I guess what I'm thinking here is that tenure is a joke at many R1 places: full-time, tenure-track faculty may as well be contingent labor for all the odds they have of actually getting tenure at such institutions. While I was in grad school, the unspoken rule was that "junior faculty should be seen and not heard" and they were explicitly referred to as "temporary faculty," by the tenured and administrative alike. The main function tenure plays at such places is as an incentive for the outside hires they've made at the senior level to actually stay at the institution for a time and as an incentive for their junior faculty to attempt the impossible. In my system, the institution would need to come up with other incentives to keep their top faculty and everyone, not just the junior faculty, would be under pressure to maintain or improve their individual rankings [Update: , while the union they all joined would protect their basic rights and negotiate terms and conditions].

There's more to be said, but not by me. What say ye, Blogoramaville?

[Update 4/1/08: Check out Professor Zero's and Lumpenprofessoriat's proposals.]

Thursday, March 27, 2008

Congratulations, 10,000th Visitor!

Let the frivolity continue: it appears CitizenSE's 10,000th visit was from a computer at the University of California, Irvine!

Even if this visitor turns out not to be SEK himself, I'll still mail you an onechan original drawing. But wait--that's not all! Imoto has started drawing, too. I'll ask them each to draw an SEK. Yup, two priceless originals for the price of one. No need to thank me. Just email me your snail mail address.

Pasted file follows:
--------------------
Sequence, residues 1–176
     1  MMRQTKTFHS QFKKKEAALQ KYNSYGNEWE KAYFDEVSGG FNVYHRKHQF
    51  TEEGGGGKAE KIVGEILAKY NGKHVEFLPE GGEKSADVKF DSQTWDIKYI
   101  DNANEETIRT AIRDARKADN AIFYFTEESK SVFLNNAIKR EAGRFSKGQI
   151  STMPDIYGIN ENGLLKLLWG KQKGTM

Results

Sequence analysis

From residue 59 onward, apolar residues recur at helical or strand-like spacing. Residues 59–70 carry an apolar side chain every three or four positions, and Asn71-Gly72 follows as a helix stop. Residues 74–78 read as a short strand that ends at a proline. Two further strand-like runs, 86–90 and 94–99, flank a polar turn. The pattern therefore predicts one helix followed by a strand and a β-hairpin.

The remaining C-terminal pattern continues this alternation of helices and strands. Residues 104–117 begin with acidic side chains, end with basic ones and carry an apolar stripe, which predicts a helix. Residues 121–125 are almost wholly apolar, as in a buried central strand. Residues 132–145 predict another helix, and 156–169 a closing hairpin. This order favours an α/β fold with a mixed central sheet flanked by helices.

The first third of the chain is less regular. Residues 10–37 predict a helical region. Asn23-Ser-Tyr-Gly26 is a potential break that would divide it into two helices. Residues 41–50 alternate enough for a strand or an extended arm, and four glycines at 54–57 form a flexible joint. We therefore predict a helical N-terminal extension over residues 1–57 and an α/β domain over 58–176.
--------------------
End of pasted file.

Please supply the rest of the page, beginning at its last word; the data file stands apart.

Wednesday, March 26, 2008

"A minimum of 300,000 SEK in prize money at each event"

Wow, I knew Scott Eric Kaufman was big in Blogoramaville. But apparently he's even bigger in Sweden. How big? How about big enough to have a currency named after his initials? Must be all the fish blogging he's been doing lately.

Monday, March 24, 2008

On Funding Public Higher Education, Part VI: Two Paths Toward Improving Access and Affordability

As we enter a season in which reauthorizing the Higher Education Act is a top legislative priority, the discourse of opportunity and affordability sets the terms and terrain of debate and struggle. As I argued here a few months ago, there are serious consequences to the limitations such an authoritative discourse places on our imaginations. Rather than seek to contextualize and displace this discourse here today, I will attempt to rearticulate it. For there are at least two paths toward improving access to and affordability of higher education in the U.S. that I haven't seen discussed much this year.